FTTH Council Europe calls for action on misleading adverts
The FTTH Council Europe has revealed its latest report, Identifying European Best Practice in Fibre Advertising. In light of the report’s findings, the council has called for action against misleading advertising claims.
The report, prepared by WiK, and presented at the FTTH virtual Conference by the research firm’s Ilsa Godlovitch, finds that European consumers are confused about the terms used to market broadband access technologies. They find it difficult to identify, said the report, which networks provide the best performance. Consumers often think they have fibre access when in fact they do not.
Telecom regulatory authorities have an objective to promote investment in, and take up of Very High Capacity Networks, said the council, which is understood to be fibre to the home (FTTH) and fibre to the building (FTTB). But these authorities usually have limited scope to address issues of awareness in advertising.
Meanwhile, Advertising Standards Authorities (ASA) do have competence over advertising, but may have less expertise to grasp the wider implications of different technological solutions for broadband. They also have no mandate to promote the objective of fostering investment in, and take-up of fibre networks.
A recent example of this took place last year in the UK, when the market’s ASA was subject to the filing of a judicial review by CityFibre over its decision to allow the term ‘fibre’ to be used in advertising by service providers to cover broadband delivered over hybrid networks containing coaxial or telephone cables as well as optical fibre. The High Court of Justice ultimately ruled in favour of the authority.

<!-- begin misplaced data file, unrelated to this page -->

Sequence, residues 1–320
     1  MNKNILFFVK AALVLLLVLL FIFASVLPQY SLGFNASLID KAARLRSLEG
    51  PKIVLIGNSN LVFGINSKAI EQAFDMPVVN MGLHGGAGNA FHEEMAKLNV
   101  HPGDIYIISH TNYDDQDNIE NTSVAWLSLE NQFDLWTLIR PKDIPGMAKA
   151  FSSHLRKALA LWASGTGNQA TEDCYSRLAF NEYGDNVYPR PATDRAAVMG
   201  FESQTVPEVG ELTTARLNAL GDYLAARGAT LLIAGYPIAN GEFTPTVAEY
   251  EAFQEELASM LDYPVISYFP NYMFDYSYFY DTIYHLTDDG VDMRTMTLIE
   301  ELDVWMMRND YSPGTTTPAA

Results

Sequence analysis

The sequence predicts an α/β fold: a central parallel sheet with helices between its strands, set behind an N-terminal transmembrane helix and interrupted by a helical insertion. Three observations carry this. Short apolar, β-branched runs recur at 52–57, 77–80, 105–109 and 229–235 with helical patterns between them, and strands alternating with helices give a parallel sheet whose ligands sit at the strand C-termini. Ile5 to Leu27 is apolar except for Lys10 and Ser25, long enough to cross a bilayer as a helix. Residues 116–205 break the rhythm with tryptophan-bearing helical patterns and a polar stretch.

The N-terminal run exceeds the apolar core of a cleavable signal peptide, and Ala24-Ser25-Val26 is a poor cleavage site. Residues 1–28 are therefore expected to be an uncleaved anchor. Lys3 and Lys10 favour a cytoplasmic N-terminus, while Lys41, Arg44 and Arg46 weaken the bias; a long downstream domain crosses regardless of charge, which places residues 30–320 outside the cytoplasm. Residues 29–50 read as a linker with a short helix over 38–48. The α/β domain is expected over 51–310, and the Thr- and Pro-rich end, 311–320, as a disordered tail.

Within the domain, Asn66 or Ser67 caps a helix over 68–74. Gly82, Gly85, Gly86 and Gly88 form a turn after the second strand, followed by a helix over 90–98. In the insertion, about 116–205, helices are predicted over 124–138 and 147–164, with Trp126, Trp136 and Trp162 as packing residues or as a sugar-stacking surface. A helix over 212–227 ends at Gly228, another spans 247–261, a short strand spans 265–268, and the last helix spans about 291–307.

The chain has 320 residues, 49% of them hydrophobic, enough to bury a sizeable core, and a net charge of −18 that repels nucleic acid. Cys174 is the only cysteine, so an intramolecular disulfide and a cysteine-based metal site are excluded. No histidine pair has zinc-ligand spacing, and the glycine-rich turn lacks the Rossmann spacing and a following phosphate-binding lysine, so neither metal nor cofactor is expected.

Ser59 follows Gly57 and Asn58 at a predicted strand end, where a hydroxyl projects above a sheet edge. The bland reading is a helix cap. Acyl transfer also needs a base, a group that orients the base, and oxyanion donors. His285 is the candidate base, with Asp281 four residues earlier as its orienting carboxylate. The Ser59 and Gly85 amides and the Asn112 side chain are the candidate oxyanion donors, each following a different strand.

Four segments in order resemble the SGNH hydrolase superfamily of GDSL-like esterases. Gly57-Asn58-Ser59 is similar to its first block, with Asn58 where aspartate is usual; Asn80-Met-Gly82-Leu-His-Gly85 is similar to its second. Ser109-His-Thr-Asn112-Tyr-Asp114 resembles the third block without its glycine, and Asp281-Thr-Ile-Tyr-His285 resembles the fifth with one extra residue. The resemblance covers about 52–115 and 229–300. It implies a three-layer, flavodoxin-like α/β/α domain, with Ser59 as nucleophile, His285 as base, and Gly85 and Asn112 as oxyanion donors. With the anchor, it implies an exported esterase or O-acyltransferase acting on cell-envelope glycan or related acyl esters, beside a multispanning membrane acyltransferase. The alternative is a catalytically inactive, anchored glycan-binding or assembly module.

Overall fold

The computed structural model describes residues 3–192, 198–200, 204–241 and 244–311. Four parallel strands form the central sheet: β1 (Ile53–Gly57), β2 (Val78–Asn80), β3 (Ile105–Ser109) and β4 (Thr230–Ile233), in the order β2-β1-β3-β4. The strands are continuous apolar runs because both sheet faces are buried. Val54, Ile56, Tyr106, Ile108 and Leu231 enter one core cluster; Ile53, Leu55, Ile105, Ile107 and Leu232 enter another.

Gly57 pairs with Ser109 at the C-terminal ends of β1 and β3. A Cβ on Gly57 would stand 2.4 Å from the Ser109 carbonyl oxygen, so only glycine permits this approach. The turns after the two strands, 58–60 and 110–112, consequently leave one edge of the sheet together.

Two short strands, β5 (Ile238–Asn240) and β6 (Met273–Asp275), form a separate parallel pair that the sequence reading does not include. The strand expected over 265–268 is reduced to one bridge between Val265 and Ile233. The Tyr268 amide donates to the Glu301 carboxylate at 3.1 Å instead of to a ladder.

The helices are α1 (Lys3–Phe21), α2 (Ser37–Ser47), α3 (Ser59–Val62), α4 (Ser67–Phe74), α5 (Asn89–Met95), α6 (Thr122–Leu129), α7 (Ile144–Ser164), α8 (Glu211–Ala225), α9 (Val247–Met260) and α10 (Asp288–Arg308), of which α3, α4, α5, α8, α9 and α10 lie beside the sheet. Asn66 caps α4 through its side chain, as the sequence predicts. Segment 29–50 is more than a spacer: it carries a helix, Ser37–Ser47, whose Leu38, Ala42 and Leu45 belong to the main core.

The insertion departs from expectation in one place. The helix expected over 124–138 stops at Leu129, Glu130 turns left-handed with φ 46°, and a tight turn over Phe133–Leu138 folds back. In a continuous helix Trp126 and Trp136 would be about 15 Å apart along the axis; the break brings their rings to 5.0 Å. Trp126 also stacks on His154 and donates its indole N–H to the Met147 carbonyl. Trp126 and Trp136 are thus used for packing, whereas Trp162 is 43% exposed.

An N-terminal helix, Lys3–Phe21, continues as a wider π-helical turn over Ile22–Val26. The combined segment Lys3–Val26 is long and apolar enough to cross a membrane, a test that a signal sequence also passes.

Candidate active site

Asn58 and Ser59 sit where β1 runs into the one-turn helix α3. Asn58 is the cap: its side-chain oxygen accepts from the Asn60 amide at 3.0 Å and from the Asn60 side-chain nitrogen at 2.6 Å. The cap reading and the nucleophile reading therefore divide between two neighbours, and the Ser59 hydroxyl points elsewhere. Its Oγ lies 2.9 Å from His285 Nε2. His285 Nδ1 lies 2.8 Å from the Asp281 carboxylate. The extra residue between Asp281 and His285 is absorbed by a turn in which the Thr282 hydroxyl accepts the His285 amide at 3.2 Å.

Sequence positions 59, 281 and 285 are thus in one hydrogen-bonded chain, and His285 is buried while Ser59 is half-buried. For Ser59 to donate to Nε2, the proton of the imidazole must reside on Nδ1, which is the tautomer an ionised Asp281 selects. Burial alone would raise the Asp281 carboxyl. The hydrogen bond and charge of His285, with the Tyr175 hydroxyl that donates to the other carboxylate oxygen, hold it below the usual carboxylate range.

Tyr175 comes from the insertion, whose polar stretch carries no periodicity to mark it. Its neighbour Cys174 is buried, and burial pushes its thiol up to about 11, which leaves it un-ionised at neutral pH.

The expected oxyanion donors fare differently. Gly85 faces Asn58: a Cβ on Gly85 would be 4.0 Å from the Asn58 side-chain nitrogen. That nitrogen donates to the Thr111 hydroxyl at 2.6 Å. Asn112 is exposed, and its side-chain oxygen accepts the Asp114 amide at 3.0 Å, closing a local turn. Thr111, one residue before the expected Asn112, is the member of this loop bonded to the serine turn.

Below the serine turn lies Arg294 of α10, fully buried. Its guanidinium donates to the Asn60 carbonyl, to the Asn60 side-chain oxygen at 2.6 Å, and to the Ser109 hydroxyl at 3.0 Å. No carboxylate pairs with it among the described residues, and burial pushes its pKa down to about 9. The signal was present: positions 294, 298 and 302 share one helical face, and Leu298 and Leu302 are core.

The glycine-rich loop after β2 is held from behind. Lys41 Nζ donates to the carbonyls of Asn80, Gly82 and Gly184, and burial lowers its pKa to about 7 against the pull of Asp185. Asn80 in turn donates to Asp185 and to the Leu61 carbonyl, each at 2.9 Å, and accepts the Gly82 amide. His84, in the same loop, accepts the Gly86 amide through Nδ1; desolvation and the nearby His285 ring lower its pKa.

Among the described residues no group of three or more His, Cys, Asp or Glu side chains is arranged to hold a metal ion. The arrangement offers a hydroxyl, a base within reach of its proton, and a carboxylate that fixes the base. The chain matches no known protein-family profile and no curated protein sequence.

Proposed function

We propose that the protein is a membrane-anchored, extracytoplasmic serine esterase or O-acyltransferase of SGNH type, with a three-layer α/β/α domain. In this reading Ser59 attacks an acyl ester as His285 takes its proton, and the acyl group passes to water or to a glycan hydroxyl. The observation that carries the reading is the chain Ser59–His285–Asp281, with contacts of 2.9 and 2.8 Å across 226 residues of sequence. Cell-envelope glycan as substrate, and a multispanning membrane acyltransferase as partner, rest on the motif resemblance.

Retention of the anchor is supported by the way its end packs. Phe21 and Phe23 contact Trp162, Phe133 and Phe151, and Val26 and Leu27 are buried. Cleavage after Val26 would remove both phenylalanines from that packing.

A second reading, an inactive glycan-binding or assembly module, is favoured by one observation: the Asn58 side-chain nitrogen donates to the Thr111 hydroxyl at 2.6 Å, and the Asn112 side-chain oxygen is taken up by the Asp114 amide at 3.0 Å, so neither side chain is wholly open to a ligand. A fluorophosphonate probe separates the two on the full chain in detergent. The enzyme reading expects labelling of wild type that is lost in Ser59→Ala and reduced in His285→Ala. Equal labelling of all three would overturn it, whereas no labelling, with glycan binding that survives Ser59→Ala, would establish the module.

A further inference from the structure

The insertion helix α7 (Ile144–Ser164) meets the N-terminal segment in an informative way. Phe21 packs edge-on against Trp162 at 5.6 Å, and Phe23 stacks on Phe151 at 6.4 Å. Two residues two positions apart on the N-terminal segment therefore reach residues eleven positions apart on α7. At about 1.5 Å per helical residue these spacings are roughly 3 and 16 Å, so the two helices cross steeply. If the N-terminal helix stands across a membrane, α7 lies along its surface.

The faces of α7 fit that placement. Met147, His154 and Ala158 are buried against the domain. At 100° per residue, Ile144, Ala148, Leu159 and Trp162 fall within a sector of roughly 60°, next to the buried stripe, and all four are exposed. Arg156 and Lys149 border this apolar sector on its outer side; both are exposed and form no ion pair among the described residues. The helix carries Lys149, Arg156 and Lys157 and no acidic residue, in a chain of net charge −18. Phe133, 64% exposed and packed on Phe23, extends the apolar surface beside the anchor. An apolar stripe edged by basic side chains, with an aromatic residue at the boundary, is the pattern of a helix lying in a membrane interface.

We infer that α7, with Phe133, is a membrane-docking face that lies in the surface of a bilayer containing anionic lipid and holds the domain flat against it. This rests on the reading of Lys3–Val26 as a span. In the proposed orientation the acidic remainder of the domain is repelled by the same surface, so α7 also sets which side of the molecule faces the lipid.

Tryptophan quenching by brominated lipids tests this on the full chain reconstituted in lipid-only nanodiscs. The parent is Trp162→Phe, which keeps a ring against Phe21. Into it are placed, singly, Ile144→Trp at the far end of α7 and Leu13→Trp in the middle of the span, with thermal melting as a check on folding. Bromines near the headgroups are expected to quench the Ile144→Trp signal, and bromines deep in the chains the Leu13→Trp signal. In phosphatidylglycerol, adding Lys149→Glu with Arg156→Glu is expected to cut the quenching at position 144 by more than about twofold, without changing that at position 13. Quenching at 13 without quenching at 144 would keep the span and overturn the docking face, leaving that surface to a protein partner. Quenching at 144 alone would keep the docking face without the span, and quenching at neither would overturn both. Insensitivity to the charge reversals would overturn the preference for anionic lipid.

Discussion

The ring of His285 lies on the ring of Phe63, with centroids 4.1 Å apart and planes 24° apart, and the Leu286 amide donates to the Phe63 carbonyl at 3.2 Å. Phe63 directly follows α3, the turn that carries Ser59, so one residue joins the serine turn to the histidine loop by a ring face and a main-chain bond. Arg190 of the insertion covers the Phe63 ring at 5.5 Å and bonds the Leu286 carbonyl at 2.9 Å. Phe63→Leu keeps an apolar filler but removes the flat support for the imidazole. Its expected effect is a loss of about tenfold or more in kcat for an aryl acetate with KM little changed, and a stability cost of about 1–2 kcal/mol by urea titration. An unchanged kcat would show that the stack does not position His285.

The FTTH Council’s study found that the strongest and most effective forward-looking interventions in the market were driven by the National Regulatory Authority (NRAs) or Digital/Telecom Ministry of the country in question, rather than the Advertising Authority. Those interventions have ranged from a labelling regime in Italy introduced by AGCOM to a prohibition on the use of the term ‘fibre’ in France except where fibre genuinely reaches into the home or premises.
WiK’s report also includes policy recommendations such as guidelines at EU level by the European Commission to foster the involvement of NRAs and/or Ministries across Europe and better align policy approaches to advertising broadband with the objectives established under the Code. The review of the Broadband Cost Reduction Directive provides an opportunity to consider mandatory labelling schemes to address the problem.
Vincent Garnier, director general of the FTTH Council Europe said: ‘We call on European policy-makers to address the issue of misleading advertising and we believe that when assessing cases, the experience of NRAs would make a huge difference. The revision of the Broadband Cost Reduction Directive is also an opportunity to address this critical issue and the FTTH Council Europe proposes the introduction of a “fibre-ready” label for new buildings and major renovations.’ said Vincent Garnier, Director General of the FTTH Council Europe.
Eric Festraets, president of the council added: ‘Italy and France have shown that the problem of misleading advertising for fibre products can be tackled. There are a number of positive examples of controls on fibre advertising and the FTTH Council Europe believes that now is the time to take action at EU level so that all European consumers and businesses can make an informed choice about the products which are available to them.’